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'Once Upon a Time:' When Pagans Get Real
'Once Upon a Time:' When Pagans Get Real

ABC's Once Upon a Time, now in its second season, has renewed widespread interest in fairy tales and myths—and perhaps unwittingly, even in the story of Christian faith. C. S. Lewis wrote that he recognized the truth of Christianity in part because it was something in which all the hints of pagan myths were fulfilled, but was obviously more history than myth.

While we must hesitate before associating Christianity too much with any pop-culture offering, Once Upon a Time regularly includes biblical themes and tensions that pull on the inner core of our psyches—perhaps evidence of deep longings planted by God and never forgotten. Once retells fairy tales in a modern context while addressing such themes as the fall of man and redemption and salvation.

On the show, our real world intersects with a mythological one in mysterious ways. The show's characters, all from popular fairy tales, live in a world without happy endings because they are all under a curse (echoes of Genesis 3). Hinting at a cosmic battle, the main antagonist, the evil queen of the Snow White story, has cursed the entire fairy-tale world in order to get revenge on the protagonist, Snow White, and has sent its inhabitants to our world. Snow's daughter, Emma, who came to our world as a baby, can break the curse and save everyone; characters in the show even call her "the Savior." She is awakening people to a knowledge of the battle in which they are engaged and their true identity, and weakening the power of the curse.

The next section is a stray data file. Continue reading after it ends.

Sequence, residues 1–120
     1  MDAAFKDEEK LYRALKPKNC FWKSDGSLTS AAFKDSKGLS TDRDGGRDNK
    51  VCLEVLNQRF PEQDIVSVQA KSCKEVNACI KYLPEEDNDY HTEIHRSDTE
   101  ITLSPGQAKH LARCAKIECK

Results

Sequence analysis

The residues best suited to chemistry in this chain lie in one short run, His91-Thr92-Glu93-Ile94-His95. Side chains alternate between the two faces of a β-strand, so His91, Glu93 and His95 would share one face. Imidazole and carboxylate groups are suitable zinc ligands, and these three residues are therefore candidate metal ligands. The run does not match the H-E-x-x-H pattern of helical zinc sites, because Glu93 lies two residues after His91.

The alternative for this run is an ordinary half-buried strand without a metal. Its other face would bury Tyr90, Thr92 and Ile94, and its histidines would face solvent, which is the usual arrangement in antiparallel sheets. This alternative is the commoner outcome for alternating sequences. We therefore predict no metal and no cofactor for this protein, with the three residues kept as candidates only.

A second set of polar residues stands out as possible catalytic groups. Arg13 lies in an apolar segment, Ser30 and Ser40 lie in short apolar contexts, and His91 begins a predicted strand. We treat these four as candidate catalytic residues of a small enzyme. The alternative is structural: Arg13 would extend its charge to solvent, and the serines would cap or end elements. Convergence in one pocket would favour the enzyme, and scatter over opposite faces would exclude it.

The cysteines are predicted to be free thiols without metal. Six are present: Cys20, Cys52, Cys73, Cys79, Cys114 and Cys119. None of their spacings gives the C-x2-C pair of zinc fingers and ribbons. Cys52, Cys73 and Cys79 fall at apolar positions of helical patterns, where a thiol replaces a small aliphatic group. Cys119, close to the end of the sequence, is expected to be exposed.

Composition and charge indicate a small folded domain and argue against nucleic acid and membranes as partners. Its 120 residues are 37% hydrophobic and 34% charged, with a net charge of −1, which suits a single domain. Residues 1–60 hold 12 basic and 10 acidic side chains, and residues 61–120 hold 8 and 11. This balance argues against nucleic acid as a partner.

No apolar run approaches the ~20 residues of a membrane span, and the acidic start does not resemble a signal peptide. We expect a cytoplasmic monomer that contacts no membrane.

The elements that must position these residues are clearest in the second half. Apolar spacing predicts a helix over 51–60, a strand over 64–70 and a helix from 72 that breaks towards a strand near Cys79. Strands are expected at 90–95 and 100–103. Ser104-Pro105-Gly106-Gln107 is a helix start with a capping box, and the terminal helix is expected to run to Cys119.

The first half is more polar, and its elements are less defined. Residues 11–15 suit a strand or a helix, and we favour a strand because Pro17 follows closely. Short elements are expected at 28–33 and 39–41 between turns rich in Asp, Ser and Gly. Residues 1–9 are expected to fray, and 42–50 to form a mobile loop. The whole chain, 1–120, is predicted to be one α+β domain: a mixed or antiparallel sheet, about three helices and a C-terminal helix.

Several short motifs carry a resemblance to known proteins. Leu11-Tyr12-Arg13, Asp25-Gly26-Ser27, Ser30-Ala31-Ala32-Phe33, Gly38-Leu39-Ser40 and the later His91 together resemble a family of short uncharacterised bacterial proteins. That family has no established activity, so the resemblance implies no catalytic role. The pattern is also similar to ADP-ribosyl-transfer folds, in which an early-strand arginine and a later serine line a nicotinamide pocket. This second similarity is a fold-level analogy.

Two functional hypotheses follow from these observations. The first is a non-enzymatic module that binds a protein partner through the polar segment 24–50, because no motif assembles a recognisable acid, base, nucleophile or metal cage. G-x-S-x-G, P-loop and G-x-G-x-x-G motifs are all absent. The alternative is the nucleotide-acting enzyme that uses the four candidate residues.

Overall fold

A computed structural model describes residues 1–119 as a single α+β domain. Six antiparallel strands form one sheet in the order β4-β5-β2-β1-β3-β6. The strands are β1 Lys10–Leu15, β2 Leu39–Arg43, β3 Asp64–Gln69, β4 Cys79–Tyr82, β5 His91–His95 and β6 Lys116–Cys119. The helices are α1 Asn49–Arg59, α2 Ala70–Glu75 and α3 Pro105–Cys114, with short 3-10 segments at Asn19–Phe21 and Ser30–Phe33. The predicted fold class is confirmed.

One episode near the end of the first season reveals that the only way to break the curse is for the savior to die. It's not a perfect parallel to the old, old story; Emma is an unwitting and unwilling savior. But in the bigger picture, ...

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'Once Upon a Time:' When Pagans Get Real
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October 2012

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